Intrinsic motivation is defined as the doing of an activity for its inherent satisfaction rather than for some separable consequence. The three core human motivators of behavior can be interpreted as a sense of clear purpose, space for autonomy and connections to develop mastery beyond current confidence. When intrinsically motivated, a person is moved to act for the fun or challenge entailed rather than because of external products, pressures, or rewards, they’re able to perform better.

Where Is HR In All Of This?

To drive and facilitate these sorts of organizational redesign work, HR must clearly transform itself first. People is consistently ranked as one of the top priorities from executives in studies, yet many HR organizations are either not equipped to lead such organizational work or the function is frequently overburdened with transactional work shadowing their position to create additional value for the enterprise.

There is one key skill HR must gain immediately, however, if we are serious about looking at business opportunities with a new set of lenses and despite the current circumstances: the ability to bring data-driven insights to decision tables.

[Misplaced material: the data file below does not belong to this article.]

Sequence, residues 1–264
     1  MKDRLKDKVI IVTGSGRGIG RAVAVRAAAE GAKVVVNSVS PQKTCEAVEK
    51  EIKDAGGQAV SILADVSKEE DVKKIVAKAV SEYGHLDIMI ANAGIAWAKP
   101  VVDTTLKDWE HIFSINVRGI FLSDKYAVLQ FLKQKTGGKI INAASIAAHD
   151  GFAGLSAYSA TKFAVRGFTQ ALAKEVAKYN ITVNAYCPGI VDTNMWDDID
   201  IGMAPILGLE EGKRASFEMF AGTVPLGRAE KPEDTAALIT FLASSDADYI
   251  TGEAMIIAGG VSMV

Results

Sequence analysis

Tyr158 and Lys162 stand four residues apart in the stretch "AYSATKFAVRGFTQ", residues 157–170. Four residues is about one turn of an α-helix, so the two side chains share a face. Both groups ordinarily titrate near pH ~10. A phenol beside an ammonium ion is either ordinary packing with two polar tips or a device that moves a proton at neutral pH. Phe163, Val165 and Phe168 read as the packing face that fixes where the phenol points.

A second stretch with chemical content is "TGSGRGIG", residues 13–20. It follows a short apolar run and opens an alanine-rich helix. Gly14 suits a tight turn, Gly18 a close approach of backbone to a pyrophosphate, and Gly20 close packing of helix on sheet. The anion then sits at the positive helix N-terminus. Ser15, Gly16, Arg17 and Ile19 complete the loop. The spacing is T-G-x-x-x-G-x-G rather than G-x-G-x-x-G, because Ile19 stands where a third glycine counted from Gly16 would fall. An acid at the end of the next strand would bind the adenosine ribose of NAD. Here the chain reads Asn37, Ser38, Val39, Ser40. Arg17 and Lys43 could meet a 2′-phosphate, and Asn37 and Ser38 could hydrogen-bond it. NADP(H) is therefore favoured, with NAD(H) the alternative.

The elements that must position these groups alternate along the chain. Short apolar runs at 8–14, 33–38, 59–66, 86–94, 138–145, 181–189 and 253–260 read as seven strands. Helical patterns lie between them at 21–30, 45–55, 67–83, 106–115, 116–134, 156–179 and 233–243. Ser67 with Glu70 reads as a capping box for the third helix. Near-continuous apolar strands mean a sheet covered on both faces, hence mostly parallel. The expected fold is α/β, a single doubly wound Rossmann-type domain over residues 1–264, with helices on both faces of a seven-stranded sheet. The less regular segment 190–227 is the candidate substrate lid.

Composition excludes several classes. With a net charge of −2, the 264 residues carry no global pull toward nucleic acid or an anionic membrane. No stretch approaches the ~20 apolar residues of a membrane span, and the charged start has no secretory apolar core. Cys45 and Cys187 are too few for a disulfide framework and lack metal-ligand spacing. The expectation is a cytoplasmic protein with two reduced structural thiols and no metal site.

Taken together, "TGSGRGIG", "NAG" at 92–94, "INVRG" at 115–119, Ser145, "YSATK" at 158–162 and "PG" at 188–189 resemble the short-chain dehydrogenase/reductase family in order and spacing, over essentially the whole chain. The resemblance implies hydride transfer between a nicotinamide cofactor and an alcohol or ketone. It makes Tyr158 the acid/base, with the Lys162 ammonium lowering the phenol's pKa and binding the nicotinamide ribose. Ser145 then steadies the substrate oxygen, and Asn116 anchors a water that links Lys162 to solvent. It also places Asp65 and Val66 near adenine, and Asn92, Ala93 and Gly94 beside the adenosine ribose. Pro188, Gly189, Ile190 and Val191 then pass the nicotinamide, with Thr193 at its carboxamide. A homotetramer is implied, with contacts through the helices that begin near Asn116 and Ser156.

The function can arm itself with data-driven insights, people analytics and anecdotes to develop a unifying cultural purpose and to design an experience-driven transformation model. The good news is there are now several companies that offer nuanced support on building data and analytics strategy and/ or help organizations digest and understand their internal data for the benefit of designing new experience.

Textio, as an example, helps people write effective workplace feedback. It then measures differences in the kind of feedback received by different demographics and departments in your organization and lets HR leaders explore patterns and inequities. Textio also automates some of the data science for an organization by automatically pulling out the most impacted groups within an organization’s data. For organizations interested in reinventing their performance management system, they have industry reports showcasing common biases in performance feedback to help shape your thinking.

The future of work doesn’t have a specific start and end date. It’s a continuous journey of designing, applying, learning and adapting.

If HR wants to be a valued member and pride itself on the business outcomes, then, HR needs to shift from measuring inputs to leading end to end reinventions and holding self-accountable for not only broad shared volume-based results, but also for the value based experience created – namely, the way people feel seen, heard, cared for and rewarded inside the organization everyday.